We will provide you with a more detailed evaluation in the coming weeks, but we did want you to be aware of the significant risk associated with the FDA approval of this product. This comes at a time when ASR data from national registries (Australia and UK) is being closely scrutinized because of higher revision rates.

Please let me know if you have any comments or questions.


DePuy Statement on Tuesday

The ASR Hip Resurfacing System was not “rejected” by the U.S. Food and Drug Administration (FDA), nor did the company inappropriately sell it in other countries.

In the U.S., the ASR™ XL total hip replacement system was first cleared by the FDA for marketing in 2005 via the 510k process.  DePuy filed a submission containing clinical data for pre-market approval (PMA) for the hip resurfacing version of the ASR device with the FDA in July 2007.  In August 2009, DePuy received a letter from the FDA stating that based on the data submitted, the FDA was unable to assess safety and effectiveness for the ASR Hip Resurfacing System.  The FDA recommended that DePuy provide a new clinical data set to support the potential determination of a reasonable assurance of safety and effectiveness.  The letter concluded with the various options available to the company under FDA regulations, including the right to decide not to submit a new dataset and withdraw the application.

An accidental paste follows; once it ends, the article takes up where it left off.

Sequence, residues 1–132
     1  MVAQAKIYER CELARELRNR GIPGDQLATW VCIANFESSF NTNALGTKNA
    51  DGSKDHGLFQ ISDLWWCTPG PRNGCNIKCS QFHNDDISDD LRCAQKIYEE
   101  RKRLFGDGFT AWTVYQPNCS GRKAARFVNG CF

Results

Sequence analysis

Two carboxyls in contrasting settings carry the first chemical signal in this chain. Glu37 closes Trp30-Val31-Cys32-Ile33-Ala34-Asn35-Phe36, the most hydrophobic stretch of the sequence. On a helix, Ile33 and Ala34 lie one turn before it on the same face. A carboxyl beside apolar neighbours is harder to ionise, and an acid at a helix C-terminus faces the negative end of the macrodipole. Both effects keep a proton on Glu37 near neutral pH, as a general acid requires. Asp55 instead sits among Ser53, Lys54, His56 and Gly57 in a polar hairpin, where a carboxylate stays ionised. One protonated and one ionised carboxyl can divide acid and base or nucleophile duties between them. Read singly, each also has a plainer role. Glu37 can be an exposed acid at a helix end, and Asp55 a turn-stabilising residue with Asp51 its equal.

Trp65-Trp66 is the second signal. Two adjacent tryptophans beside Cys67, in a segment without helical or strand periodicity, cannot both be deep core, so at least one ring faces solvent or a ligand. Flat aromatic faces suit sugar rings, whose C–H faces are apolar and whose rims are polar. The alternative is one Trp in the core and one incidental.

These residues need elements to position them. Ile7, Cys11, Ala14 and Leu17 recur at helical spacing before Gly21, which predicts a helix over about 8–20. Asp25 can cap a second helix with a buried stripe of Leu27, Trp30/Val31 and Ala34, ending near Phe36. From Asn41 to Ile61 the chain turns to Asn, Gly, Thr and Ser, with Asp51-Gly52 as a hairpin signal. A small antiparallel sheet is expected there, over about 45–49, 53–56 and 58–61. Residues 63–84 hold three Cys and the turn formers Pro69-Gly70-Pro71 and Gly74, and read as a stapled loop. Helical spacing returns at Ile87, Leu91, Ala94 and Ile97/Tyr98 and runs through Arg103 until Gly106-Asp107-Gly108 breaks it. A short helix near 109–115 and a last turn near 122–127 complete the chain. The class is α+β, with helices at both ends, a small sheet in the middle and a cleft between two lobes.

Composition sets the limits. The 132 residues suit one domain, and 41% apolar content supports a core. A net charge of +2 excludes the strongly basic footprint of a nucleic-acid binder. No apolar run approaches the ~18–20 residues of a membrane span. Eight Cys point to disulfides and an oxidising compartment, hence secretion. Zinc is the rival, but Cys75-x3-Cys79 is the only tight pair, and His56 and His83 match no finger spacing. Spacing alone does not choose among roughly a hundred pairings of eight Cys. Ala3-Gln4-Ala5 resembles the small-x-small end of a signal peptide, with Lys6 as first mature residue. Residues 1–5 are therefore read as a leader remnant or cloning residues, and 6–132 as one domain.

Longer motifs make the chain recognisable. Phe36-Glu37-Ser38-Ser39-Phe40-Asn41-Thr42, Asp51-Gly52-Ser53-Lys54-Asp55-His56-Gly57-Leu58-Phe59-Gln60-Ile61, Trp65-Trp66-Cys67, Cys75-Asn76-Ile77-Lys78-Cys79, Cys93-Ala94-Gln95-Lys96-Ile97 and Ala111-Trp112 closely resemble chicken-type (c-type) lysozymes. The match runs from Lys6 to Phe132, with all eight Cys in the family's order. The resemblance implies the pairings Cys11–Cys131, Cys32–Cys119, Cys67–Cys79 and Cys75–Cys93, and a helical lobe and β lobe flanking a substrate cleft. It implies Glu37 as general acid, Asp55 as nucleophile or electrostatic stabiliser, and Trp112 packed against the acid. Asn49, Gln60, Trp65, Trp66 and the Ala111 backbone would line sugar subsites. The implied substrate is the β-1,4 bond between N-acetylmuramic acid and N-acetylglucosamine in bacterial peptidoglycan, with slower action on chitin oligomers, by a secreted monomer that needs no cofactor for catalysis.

At the same time that the company received this FDA letter, market demand for hip resurfacing was declining rapidly.  DePuy chose not to move forward with gathering additional data based on the declining demand for hip resurfacing. This was purely a business decision for the U.S. market. The decision not to pursue the ASR Resurfacing PMA application in the U.S. did not impact the use of the ASR Hip System in other countries.

Medical device registration requirements are defined by a country’s legislation.  The legislation specifies the data required for the submission and approval process.  DePuy properly complied with the regulatory process for each separate country where the ASR Hip System was available.  At the time of the PMA submission in the U.S., the ASR Resurfacing System had already been approved for marketing by regulatory authorities in other countries. For example, in Europe, the ASR™ XL Acetabular System and DePuy ASR™ Hip Resurfacing System met the requirements of the Directives specified by the European Union for all medical devices and received CE mark approval.

It is common to receive letters, such as the FDA’s request for more data for evaluation, from a regulatory authority reviewing the product for marketing. Correspondence dealing with requests specific to one country’s regulatory authority are not necessarily relevant to another country’s regulatory authority, so they are typically not communicated and there is no requirement to do so.  Significant safety information regarding a product, however, is communicated to each country where DePuy markets a product, and this was done for the ASR Hip System.